“Thaaththa,” Bindu Udagedera asked, “what is all this fuss about a new Cabinet?”
“Well,” Bindu’s father Percy said, “Mahinda maama has assumed office for a second term, so he has sworn in a new Cabinet…”
“But thaaththa,” Bindu pointed out, “isn’t it the same old Cabinet?”
“No, of course not,” Percy explained, “there are some very significant changes…”
“And what are those changes, thaaththa?” Bindu wanted to know.
“Why, Bindu,” Percy said, “we have ten senior ministers, for instance…”
“And what do these senior ministers do?” Bindu wondered.
“That is a question they must be asking themselves, Bindu…” Percy said.
“Why do you say that, thaaththa?” Bindu was puzzled, “surely, if they are senior ministers, they should be able to give orders to the other ministers who are ‘junior’ to them…”
“Apparently that is not the way it works, Bindu…” Percy said, “these ‘senior’ ministers seem to be senior only in age, although a couple of them are not even very senior in age…”
“So, what do they really do?” Bindu persisted.
“Well,” Percy said, “they have no institutions under them so they do not have any real power; so, they must be going to work every morning, looking at the mirror and telling themselves that they are senior ministers and then going back home…”
“Then,” Bindu asked, “why do we need them at all?”
“I suppose we don’t, really” Percy agreed, “but because some of them are senior people, Mahinda maama is being nice to them and offering them a title instead of just asking them to go home….”
“But thaaththa,” Bindu argued, “they include even the former Prime Minister and Uncle Fowzie…”
“But Mahinda maama thinks that even for them, it is now time to go…” Percy retorted.
“What about Uncle Dew and Professor Tissa, then?” Bindu inquired.
“I suppose they are getting their reward for not supporting Mahinda maama when he wanted to introduce the eighteenth amendment that allowed him to run for a third term of office…” Percy suggested.
“So, how many ministers do we have altogether, then?” Bindu queried.
“Why, Bindu,” Percy said, “there are ten senior ministers, fifty ministers and some thirty four deputy ministers, so we have over ninety ministers…”
“But thaaththa,” Bindu recalled, “didn’t Mahinda maama promise to limit the number of ministers to thirty five?”
“What’s wrong with having another twenty-five more, Bindu?” Percy asked, “especially if we are to become the miracle of Asia very soon?”
“Why, thaaththa,” Bindu asked, “has every minister been given a specific job to do, so that we can become the miracle of Asia?”
“Yes, of course,” Percy said, “they have been given the most interesting jobs and because of that I am quite sure we will become the miracle of Asia very soon…”
“Why do you say that, thaaththa?” Bindu demanded.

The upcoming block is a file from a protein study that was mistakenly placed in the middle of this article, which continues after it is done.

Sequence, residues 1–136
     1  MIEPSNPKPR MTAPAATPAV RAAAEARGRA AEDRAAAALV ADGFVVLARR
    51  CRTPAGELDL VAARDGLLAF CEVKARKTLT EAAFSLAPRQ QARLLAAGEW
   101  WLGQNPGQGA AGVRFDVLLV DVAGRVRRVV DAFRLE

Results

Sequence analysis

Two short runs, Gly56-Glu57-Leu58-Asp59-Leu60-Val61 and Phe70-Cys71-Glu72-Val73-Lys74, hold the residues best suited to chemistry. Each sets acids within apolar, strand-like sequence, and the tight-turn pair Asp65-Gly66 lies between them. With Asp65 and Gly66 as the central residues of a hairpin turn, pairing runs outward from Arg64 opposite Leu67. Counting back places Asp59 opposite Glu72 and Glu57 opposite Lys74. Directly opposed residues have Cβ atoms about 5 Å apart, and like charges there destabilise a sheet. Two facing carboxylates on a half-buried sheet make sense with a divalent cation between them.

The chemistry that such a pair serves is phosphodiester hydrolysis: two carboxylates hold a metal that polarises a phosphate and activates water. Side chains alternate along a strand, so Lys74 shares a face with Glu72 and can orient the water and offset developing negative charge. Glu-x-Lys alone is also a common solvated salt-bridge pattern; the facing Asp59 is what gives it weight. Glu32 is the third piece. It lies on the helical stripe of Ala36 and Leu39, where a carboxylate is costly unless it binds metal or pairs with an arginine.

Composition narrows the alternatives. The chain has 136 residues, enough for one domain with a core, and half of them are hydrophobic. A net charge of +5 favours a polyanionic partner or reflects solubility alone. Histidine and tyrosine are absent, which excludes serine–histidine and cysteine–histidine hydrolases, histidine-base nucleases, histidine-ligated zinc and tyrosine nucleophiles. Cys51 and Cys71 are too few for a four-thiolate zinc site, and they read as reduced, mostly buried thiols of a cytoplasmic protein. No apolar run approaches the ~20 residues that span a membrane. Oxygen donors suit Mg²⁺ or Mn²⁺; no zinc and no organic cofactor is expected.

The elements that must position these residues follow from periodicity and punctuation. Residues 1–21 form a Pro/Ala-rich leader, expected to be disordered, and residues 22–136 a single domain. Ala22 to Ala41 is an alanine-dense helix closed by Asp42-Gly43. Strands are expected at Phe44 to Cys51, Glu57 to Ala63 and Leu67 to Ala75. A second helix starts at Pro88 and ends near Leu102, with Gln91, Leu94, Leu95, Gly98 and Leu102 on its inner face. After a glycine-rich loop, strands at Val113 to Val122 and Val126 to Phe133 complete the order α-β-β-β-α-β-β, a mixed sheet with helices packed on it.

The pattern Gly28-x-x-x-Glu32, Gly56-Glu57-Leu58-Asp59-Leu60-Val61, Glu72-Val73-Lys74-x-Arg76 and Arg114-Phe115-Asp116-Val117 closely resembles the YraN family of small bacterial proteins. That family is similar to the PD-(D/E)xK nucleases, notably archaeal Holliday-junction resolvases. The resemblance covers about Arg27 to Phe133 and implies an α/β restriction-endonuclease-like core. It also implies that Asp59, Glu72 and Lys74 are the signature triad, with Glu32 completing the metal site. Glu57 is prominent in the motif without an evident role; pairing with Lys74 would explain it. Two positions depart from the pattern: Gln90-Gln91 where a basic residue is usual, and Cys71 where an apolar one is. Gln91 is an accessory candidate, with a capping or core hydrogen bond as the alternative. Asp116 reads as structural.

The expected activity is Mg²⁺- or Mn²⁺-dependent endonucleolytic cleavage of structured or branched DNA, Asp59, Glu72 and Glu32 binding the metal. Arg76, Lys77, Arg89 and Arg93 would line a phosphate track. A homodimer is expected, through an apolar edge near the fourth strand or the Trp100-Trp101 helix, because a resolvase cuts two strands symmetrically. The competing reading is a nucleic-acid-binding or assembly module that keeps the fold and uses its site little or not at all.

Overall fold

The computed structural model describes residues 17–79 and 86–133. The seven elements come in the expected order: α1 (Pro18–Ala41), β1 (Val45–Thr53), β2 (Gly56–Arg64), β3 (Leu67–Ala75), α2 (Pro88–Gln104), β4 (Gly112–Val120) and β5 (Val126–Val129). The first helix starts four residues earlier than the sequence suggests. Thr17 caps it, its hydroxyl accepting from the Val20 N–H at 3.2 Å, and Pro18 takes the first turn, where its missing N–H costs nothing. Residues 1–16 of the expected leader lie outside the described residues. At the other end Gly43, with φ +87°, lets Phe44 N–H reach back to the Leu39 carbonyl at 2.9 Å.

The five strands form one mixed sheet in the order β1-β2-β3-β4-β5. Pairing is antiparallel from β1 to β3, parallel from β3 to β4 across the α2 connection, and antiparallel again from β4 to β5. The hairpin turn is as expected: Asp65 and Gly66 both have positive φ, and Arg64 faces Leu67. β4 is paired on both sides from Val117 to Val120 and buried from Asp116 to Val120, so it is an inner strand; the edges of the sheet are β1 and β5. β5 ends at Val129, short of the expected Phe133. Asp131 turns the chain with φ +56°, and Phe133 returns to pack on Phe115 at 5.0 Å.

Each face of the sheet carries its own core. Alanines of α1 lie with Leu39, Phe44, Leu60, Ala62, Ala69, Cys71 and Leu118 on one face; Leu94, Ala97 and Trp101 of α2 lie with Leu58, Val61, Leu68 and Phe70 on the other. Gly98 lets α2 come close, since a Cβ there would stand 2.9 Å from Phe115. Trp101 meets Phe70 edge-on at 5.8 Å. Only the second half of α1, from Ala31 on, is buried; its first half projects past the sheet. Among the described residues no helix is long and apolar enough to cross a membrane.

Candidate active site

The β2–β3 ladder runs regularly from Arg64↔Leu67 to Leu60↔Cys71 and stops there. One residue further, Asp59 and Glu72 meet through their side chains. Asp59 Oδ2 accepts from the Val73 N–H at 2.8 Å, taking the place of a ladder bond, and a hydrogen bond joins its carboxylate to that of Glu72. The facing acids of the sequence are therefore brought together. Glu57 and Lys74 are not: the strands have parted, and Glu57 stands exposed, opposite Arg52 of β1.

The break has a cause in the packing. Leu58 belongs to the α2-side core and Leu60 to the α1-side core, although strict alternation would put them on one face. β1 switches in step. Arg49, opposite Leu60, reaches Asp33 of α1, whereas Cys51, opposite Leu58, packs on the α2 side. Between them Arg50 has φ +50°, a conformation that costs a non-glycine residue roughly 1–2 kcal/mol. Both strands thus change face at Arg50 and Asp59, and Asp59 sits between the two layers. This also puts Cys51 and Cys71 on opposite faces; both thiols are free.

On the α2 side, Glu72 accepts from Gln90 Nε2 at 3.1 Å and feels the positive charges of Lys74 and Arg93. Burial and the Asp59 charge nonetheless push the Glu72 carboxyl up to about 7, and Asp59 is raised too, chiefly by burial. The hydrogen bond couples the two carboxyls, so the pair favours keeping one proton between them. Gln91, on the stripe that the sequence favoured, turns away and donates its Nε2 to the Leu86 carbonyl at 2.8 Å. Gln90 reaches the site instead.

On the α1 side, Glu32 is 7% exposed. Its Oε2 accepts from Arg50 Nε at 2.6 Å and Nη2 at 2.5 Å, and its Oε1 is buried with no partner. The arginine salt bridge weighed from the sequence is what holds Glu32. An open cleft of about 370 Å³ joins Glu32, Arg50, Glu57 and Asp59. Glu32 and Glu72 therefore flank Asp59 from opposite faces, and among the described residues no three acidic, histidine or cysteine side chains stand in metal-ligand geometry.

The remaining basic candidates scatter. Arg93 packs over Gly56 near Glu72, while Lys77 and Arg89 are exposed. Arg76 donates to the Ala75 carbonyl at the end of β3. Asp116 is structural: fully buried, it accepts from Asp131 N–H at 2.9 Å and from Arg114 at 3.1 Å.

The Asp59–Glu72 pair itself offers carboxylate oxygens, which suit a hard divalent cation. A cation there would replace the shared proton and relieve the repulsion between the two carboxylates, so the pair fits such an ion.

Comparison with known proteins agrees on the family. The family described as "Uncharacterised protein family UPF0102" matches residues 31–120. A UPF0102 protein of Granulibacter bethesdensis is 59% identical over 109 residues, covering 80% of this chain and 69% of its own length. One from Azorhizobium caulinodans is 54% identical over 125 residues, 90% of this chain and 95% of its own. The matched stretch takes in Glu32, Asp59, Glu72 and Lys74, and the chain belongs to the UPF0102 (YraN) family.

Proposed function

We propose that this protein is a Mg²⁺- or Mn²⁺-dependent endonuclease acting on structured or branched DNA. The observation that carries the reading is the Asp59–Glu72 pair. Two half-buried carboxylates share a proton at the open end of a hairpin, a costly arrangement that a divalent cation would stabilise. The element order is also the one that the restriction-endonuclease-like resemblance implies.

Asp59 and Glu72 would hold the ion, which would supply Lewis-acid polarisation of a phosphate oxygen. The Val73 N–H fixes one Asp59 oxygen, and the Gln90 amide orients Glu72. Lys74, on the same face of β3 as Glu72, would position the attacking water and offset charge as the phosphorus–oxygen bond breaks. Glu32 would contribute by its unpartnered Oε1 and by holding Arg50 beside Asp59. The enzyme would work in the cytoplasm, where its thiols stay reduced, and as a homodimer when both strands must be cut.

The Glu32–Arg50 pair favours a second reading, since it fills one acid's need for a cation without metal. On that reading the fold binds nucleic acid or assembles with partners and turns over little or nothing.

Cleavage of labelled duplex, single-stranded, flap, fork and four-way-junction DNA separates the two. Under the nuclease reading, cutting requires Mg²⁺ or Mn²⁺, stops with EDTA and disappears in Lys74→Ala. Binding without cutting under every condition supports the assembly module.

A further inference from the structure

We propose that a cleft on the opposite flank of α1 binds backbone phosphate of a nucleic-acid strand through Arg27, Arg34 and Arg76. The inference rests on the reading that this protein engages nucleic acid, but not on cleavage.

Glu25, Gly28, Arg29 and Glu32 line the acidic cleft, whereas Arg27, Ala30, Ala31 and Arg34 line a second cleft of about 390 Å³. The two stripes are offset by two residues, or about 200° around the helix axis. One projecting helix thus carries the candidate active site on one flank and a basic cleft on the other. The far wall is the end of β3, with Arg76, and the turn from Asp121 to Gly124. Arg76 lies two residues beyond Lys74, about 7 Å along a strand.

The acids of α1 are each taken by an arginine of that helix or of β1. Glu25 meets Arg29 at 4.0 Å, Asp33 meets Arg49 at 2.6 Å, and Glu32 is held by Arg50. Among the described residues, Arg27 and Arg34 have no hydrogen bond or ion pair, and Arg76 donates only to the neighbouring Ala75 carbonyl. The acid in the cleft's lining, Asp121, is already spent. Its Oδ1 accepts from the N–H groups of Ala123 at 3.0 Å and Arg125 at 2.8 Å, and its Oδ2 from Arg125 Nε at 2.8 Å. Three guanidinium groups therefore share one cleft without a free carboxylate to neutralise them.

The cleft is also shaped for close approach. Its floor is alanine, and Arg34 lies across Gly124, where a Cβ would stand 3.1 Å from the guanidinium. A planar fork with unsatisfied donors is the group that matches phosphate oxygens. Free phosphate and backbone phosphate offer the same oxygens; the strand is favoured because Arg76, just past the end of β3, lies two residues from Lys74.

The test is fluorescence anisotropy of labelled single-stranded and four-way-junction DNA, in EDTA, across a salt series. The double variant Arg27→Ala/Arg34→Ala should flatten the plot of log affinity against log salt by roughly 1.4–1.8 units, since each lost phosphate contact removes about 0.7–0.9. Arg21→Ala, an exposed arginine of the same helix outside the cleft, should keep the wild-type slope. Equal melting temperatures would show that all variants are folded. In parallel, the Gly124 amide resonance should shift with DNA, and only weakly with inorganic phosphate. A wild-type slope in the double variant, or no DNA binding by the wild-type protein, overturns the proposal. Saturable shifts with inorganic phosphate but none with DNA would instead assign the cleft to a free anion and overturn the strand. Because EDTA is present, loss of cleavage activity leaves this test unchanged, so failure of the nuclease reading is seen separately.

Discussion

“For instance, there is a ‘Minister of Public Co-ordination and Public Affairs’ and then there is also a ‘Minister of State Assets and Enterprise Development’, not to mention a ‘Minister of State Management Reforms’ and a ‘Minister of Productivity Promotion’…” Percy observed.
“But thaaththa,” Bindu said, “I am sure all those Cabinet posts are absolutely necessary to make our country the miracle of Asia…”
“Yes,” Percy said, “and that is also probably why they have so many ministers undertaking different aspects of the same sector…”
“What do you mean by that, thaaththa?” Bindu wanted to know.
“Well,” Percy explained, “if we consider the plantation sector, we have a Minister of Plantations, a Minister of Small Exports Crop Promotion and also a Minister of Coconut Development and State Plantations Development…”
“Now, that would really develop our plantation sector, wouldn’t it?” Bindu asked.
“It is not only the plantations that will be developed, Bindu,” Percy pointed out, “even our trade will be developed because we have a Minister of Co-operatives and Internal Trade, a Minister of Industry and Commerce and also a Minister of Traditional Industries and Small Enterprise Development…”
“But, thaaththa,” Bindu inquired, “how do we ensure that we protect our Sri Lankan identity while all these major development activities are undertaken?”
“Ah,” Percy said, “you need not worry about that because we have a Minister of Culture and Aesthetic Affairs, a Minister of National Heritage and also a Minister of National Languages and Social Integration appointed just for that purpose…”
“But thaaththa,” Bindu asked, “with so many ministers and so many development activities taking place at the same time, how will we know about what is going on?”
“Now,” Percy said, “that is also taken care of because we have Uncle Mervyn as Minister of Public Co-ordination and Public Affairs and who better than Uncle Mervyn to tell us exactly what is going on?”
“Even then, thaaththa,” Bindu persisted, “I am worried because there are so many ministers; wouldn’t too many cooks spoil the soup?”
“You need not worry about that, Bindu,” Percy said, “because we have someone who will manage the entire Cabinet as well…”
“And who is that?” Bindu inquired, “is it Mahinda maama?”
“No,” Percy said, “we now have a Minister of Disaster Management as well…” Percy said.
Bindu didn’t quite know what to say to that.